How four British migrations defined America

They came from different places and with different ideas, which still resonate today.

​Puritans, Cavaliers, Quakers and Borderers came from and went to different places.

Puritans, Cavaliers, Quakers and Borderers came from and went to different places.

Credit: JayMan
  • Early British settlement of the American colonies came in four distinct waves, from different places.
  • Puritans, Cavaliers, Quakers, and Borderers had their own ideas of what America should be.
  • Some of the cultural fault lines in today's America can be traced back to those differences.

Four 'folkways'

Quaker pioneer William Penn (center) treating with the Delaware Indians for the purchase of what was to become Pennsylvania.

Image: Frieze by Constantino Brumidi (1865) in the Rotunda of the U.S. Capitol; via Architect of the Capitol - Public Domain.

How many Americans are of British descent? It's a surprisingly difficult question to answer. Is that because, in an age of hyphenated identities, the founding one is still the default? Or has that identity become so amalgamated that it is now irrelevant? Perhaps the correct answer is: a bit of both.

In the 1980 Census, 61.3 million Americans (32 percent) self-reported British ancestry; most claimed English descent (26 percent), followed by Scottish (4 percent), and tiny amounts of Welsh (<1 percent) and Northern Irish. In the 2010 Census, that figure had dropped to 37.6 million (14 percent), with just 8 percent reporting English heritage, 3 percent Scottish and 2 percent Scotch-Irish.

The precipitous drop in self-reported British antecedents corresponds in part with the rise of those who identify as (unhyphenated) 'American', up from 12.4 million (5 percent) in the 1990 Census to 20.2 million in 2000 (7 percent) – the largest growth of any ethnic group in the 1990s.

However, back around the year 1700, about 80 percent of the population of what was to become the United States were of English (or Welsh) descent, with about 11 percent of African origin, and the rest being Dutch (4 percent), Scottish (3 percent) and other European. The imprint of the British on early American society was overwhelming, diverse and long-lasting: the regional and cultural differences between the settler groups created distinct regional and cultural identities in America.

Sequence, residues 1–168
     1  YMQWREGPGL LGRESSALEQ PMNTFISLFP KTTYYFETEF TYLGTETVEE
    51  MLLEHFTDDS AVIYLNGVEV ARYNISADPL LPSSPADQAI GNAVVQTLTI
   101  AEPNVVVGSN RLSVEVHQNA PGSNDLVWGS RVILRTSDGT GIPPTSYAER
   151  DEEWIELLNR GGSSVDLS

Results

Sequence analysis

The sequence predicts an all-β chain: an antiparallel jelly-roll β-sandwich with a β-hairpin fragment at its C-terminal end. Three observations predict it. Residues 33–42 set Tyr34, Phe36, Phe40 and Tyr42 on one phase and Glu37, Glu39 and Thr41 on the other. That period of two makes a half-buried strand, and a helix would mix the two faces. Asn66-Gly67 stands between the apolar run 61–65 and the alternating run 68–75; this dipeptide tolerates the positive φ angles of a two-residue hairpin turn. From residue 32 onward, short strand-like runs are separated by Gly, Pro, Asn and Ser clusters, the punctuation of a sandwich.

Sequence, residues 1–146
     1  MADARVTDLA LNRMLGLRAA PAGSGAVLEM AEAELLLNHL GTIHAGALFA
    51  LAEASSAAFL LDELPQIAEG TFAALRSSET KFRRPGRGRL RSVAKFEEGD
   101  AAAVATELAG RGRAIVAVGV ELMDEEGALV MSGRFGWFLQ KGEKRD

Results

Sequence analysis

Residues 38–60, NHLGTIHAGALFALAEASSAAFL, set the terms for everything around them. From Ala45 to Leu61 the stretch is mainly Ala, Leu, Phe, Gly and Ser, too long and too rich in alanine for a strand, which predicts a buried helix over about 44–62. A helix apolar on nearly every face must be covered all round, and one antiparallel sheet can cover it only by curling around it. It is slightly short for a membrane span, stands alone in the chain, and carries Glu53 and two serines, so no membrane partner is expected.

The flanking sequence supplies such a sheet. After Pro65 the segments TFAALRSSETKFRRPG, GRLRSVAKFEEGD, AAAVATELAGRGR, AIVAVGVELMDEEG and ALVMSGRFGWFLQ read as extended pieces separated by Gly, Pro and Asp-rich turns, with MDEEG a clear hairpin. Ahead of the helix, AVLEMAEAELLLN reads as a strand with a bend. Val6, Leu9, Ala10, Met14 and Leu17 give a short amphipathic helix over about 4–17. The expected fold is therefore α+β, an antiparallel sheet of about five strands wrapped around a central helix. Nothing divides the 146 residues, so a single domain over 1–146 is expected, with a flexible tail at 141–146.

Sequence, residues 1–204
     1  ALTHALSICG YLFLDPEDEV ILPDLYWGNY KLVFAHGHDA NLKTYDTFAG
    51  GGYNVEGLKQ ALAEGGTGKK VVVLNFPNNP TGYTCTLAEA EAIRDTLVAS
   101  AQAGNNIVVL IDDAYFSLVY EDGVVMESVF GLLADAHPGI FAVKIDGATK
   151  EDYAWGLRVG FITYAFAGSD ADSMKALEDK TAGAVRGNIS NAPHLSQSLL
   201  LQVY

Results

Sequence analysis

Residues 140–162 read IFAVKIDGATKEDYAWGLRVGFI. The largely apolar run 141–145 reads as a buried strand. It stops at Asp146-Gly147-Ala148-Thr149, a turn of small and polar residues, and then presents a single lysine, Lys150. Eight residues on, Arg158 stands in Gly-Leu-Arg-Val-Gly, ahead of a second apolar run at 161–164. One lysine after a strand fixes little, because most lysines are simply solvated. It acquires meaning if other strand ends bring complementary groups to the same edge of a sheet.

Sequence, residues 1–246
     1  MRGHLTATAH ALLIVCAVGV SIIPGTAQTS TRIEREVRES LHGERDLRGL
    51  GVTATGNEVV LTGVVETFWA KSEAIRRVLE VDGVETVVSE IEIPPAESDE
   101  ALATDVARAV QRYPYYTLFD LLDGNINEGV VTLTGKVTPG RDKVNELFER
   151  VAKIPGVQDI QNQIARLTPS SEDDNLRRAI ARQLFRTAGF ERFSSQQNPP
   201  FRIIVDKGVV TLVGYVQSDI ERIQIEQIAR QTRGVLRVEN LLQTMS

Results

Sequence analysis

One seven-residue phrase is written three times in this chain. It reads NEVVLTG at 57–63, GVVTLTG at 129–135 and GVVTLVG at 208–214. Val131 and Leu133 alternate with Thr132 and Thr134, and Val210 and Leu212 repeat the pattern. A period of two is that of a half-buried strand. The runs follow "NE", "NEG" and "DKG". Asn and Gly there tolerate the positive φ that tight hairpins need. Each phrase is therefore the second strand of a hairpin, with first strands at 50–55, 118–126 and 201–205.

That's the argument made by David Fischer, a history professor who in 1989 published a 900-page treatise on early migration to North America called "Albion's Seed." He identified four British 'folkways' that came over to the other side of the Atlantic in the 17th and 18th centuries (see map), each with their own ideas about the liberty they wanted to find there.

From exodus to flight

\u200bMap showing the origin and destination of four British 'folkways' that influenced American society.

Map showing the origin and destination of four British 'folkways' that influenced American society.

Credit: JayMan

1. The Exodus (1629-41)

  • About 21,000 Puritans, migrating from East Anglia to New England.
  • These religious fundamentalists believed in 'ordered liberty': everybody had the right to live by their own rules, and the duty to live according to God's law.
  • The Puritans were a major influence on the culture of the Northeastern U.S., especially in terms of business and education.

These religious fundamentalists are the ones who came over on the Mayflower and gave America Thanksgiving and the self-image of being a 'City on a Hill'. Puritan society was gloomy and repressive: 'exceeding the bounds of moderation' was a punishable offense, and even just 'wasting time' got you into trouble.

The other side of the coin: life was very well-ordered. There was little income inequality and crime rates were low. Not only was charity towards poor the rule, being uncharitable was, yes, a punishable offense. Domestic abuse was punished severely. Women had a relatively high degree of equality. And government operated via town assemblies in which all could have a say.

2. Cavaliers and their Servants (1642-75)

  • Some 45,000 Cavaliers drawn from English nobility and their indentured servants, migrating from the South of England to Virginia and the Lowland South.
  • These aristocrats believed in 'hegemonic liberty': dominion over self, and others. In other words: keeping slaves was okay, but domination by others was not.
  • The Cavaliers were the foundation of plantation culture in the South.